Wednesday, December 8, 2010

How do you dispose of a friend aka The Death of the Christmas Card

Who sends Christmas cards?   Anyone?  Not virtual cards that sing Jingle Bells with an animated reindeer but real paper from trees type of Christmas Cards?

Okay, the first thing you want to do is correct me.  "We don't send Christmas Cards" you say, "we send Holiday cards."  They must be non-denominational.  They need to include Kawaanza, Hannukah, Waldorf fairies and Christmas.

Still, who sends Holiday cards?

Perhaps its just me becoming unpopular.  In the old days [aka the 1980s] when I was a kid, by now the mailbox would be full of cards.  I would collect the stamps from England, from Swaziland, from Australia and open the cards from everyone who had even the most tangential relationship to my family.  We would hang up a string in the living room and hang the cards on it.  Sometimes they would have treats like bookmarks or letters in them.  After Christmas we would cut them up and make scrapbooks out of them, or collect them in old chocolate boxes.

The cards were lovely.  They had embossed angels and silver foil inlays and shiny stars.  Some had pictures of old English villages with carol singers.  They had peace doves spouting words in many languages.  They had illuminated letters and bold wishes for peace and love and joy.  They were happy and generous and just plain pretty.

So far, this year we have received ONE CARD [thankyou Corlie].   And next year I probably won't get that card either because of what I am going to write next.

The few remaining people who send cards, send pictures of their family printed into cards.  Its like a kind of photographic swap meet.   I am sitting at my desk right now doing it too.  I send out photo-cards of my family and you send me photo cards of your family and then we all hope we remember each other until next year.

These photo cards of your family are pretty but they are not something I am going to store for posterity but I can't throw them away either.   In Indonesia I was taught that it is very bad luck to throw away a photograph of someone.  Its quite dangerous.  Its like throwing away your relationship or casting them into peril.  So what do I do with the Holiday cards with all our loved friends kids on them, our family nieces and nephews?

Surely you've felt it?  You try and throw away a photo and the smiling faces stare reproachfully out from the recycling.  You wonder if its okay to recycle them - isn't that like Shredding them?   I end up stacking them someplace for long enough that I forget and later dispose of them suddenly, like the pickled plums you really didn't like but never throw out of the fridge until, finally, you are allowed because they have grown mold and are entering another phase of their lives which is obviously better performed in the yard waste.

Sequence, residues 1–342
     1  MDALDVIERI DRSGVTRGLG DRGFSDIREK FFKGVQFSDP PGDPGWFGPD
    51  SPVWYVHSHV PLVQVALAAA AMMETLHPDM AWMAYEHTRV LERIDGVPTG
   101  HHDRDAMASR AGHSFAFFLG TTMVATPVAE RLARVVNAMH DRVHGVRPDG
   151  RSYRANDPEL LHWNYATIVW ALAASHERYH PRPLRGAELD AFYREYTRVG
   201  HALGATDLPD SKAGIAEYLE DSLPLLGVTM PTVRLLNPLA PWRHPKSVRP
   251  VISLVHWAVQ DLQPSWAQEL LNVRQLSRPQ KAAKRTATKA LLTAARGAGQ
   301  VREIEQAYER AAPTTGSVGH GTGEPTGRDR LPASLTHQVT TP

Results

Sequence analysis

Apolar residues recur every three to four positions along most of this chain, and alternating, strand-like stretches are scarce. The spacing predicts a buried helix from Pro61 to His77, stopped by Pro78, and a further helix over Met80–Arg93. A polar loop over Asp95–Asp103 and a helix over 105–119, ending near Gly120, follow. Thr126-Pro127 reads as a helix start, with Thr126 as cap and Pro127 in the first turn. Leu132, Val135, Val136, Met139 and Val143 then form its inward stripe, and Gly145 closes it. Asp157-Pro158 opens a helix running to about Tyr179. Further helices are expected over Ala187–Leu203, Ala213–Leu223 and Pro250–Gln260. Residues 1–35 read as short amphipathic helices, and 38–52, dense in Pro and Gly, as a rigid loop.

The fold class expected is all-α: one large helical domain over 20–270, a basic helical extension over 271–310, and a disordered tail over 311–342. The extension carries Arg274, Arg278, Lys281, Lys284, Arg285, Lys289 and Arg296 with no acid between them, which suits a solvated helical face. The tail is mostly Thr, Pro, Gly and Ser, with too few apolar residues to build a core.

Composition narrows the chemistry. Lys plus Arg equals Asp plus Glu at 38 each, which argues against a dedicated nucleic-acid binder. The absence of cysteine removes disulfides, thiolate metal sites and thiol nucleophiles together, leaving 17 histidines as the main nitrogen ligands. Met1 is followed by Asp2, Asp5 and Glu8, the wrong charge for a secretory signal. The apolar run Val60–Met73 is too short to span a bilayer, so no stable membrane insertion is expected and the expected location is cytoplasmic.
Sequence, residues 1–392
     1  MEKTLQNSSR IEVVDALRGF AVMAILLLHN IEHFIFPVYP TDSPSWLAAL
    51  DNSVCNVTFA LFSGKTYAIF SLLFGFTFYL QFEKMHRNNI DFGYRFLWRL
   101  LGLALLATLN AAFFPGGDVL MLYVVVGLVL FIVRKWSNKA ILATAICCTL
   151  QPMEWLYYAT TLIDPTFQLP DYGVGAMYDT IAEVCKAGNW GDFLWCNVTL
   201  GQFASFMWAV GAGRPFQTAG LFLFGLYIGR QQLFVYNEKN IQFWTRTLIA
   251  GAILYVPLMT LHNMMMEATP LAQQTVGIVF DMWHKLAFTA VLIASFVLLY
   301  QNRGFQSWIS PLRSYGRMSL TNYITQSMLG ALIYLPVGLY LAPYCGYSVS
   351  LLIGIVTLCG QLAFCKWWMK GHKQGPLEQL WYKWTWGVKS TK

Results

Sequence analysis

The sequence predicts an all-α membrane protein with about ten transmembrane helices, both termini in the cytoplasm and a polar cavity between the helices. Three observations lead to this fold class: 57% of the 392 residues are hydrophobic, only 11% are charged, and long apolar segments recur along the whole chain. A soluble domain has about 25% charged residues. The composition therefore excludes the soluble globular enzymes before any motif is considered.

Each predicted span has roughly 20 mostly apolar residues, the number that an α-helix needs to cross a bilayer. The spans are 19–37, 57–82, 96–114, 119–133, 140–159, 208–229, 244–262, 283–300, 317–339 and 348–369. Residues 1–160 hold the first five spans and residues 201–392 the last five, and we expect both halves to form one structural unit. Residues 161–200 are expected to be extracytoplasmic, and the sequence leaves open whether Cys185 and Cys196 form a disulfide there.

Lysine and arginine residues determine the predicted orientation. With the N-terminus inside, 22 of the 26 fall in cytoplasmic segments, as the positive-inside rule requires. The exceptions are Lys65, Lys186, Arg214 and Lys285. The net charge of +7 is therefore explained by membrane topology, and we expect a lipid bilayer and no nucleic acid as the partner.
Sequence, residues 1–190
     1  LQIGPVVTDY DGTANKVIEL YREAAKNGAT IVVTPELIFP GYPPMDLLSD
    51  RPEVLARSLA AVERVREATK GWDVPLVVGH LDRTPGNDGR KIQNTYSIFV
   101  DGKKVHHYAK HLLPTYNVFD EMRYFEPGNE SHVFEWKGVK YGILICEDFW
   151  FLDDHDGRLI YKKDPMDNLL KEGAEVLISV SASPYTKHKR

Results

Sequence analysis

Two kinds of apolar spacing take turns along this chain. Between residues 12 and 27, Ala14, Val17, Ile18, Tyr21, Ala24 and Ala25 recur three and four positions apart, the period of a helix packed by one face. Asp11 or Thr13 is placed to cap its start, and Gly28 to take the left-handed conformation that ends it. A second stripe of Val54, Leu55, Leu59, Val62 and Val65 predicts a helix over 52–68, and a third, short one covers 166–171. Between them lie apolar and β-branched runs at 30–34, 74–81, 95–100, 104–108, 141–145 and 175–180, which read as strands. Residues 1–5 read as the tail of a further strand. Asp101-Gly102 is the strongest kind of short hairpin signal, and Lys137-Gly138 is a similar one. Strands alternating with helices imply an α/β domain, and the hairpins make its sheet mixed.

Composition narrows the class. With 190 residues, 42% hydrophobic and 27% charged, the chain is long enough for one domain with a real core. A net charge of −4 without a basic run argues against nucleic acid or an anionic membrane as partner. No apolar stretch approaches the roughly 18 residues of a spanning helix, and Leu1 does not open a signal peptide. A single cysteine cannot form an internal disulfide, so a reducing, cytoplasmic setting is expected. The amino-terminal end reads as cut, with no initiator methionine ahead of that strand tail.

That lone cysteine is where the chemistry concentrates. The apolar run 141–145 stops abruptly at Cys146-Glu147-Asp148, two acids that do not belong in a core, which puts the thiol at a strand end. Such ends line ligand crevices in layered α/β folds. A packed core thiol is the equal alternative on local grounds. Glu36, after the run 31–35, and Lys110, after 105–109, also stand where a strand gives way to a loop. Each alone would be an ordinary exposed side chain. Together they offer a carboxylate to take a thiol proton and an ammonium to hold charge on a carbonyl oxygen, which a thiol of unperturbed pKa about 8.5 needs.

The only people who send me real cards are our real estate agent, our financial adviser, our insurance company and the guy down the road who keeps trying to get me to make a financial plan (with him).

Anyway, if you get one of my Holiday Cards I hope you enjoy it for a little while.  I will survive if you recycle me.  I will still send you one next year.  And if you send me one I shall string it over the fireplace and appreciate it because it is one of very few.  But I will dispose of your card eventually and hope you forgive me.


LynnK said...

I do like to send very clever, creative Christmas cards... which means I only send them out every few years, because how creative and clever can I be every year? I'm now racking my brains for something memorable. Brynn has volunteered a Christmas drawing she did on the iPad in less than 3 minutes. Frankly it looks OK in a kid-drawing way. I just hate the idea that I'll spend hours and dollars sending out a three minute effort. So I applaud any card you send out, and hope I remain on my friends' mailing lists, despite my sporadic efforts.

By the way, love that I can now post more easily! Thanks for the change.

Shannon said...

I know what you mean about effort. I have done 10 and it took about half an hour... plus there was that trip to buy stamps and all that time updating my friends postal addresses (because we keep emails not street addresses these days).

So, I think your bi-annual approach is wise. You won't lose any distant Real friends if you remind them that you exist every two years and you will have enough money to buy them a coffee if they ever come to town.

I always make my forrin friends a priority for cards because they forget me otherwise.

Mommy and Daddy said...

I still send Christmas cards. I always send them out the Monday after Thanksgiving. Like you had stated in your post I too used to get a ton of cards 5-6 a day in my mailbox. It was so exciting! This year I have gotten two. I like getting an actual card in the mail rather than a greeting on line. It will be sad the year that no Christmas cards come in the mail.

Shannon said...

I am glad I am not the only one who has received almost no cards. I have still received only ONE (Corlie). Seriously, when I wrote this post I thought they were in the mail but apparently They are Almost Dead.

Shannon said...

PS. I haven't received cards from the Financial Advisors this year either. Is it the economy?

I have received 2 email cards.